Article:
It's OK to Be Alone
I like to shamefully joke that I’m the 32-year-old cat lady, even though I'm proud of many things in my life (including my two adorable kitties). I moved to Los Angeles after college knowing only one person here. I began a successful career, and have supported myself for 10 years, a few of which I was working two jobs to pay the bills.
I haven’t always lived alone. I’ve lived with two boyfriends over the years. But today I find myself sitting in the quiet space of my 1-bedroom apartment.
One of the worst feelings is when I sometimes wake up and look at my phone only to find I haven’t gotten a single text, phone call, email or Tweet from anyone. It’s not like I don’t have friends. But, I’ll admit, many of them are in relationships. So naturally I’m not the first thing on their minds on a Wednesday morning.
Sometimes I feel like this (and it’s really hard for me to admit): I could have died in my sleep and no one would find out for many, many hours. That’s a painful reality.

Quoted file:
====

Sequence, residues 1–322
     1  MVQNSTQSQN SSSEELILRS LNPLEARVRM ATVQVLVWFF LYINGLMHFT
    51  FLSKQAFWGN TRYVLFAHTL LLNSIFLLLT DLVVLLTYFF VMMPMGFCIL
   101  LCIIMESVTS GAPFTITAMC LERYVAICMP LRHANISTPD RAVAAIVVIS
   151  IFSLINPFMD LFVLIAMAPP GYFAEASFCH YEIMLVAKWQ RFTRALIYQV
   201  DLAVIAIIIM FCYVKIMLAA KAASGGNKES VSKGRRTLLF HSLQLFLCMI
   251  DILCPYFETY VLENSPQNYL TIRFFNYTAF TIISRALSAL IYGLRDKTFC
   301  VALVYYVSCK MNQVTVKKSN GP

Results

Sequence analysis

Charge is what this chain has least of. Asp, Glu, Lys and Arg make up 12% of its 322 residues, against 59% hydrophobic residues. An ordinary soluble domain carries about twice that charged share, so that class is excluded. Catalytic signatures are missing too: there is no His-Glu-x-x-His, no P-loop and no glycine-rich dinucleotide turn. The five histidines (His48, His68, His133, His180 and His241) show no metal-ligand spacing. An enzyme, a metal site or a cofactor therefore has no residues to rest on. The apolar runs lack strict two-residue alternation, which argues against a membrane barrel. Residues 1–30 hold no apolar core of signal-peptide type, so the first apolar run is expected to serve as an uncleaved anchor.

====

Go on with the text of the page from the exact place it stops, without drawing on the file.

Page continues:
So, yes, emptiness on my phone stings. It’s easy to feel sorry for myself. Sometimes I wonder if I’m alone because my mother has always been alone – my parents split when I was three and she never remarried. Is being alone all I know?
It’s high time to look on the bright side in all of this. Because we all know feeling sorry for ourselves is a fast moving train to nowhere.
It’s time to celebrate what we solo dwellers DO have! Here’s to living alone, dammit! To watching whatever you want on TV, especially when it’s Sex and the City or The Real Housewives of Name-A-City, because you know your man isn’t having any part of that.
Here’s to bad pop music you won’t ever admit you blast. (I’m thinking of you, Katy Perry!) Here's to having a solo dance party. To making your own schedule. Or not making one at all. To grocery shopping when you feel like it. And not cooking when you don’t.
And the fact is, you are never really alone. I’m not alone. I have amazing friends, an imperfect family I love more than anything, and a yoga community that will make me feel welcome whether or not I know a single soul in class.
But it’s a good reminder to broaden your circle, because it gets harder as we get older. The circle gets small when pals start marrying off and have kids. They will always love and care about you, but let’s be honest, they have bigger priorities now.
So: shift your priorities, too. To coin a phrase from one of the most inspirational women I’ve met in a while, Jennifer Pastiloff, “find your tribe.” The people who will always be there for you. And I mean, REALLY be there for you. You are loved more than you know.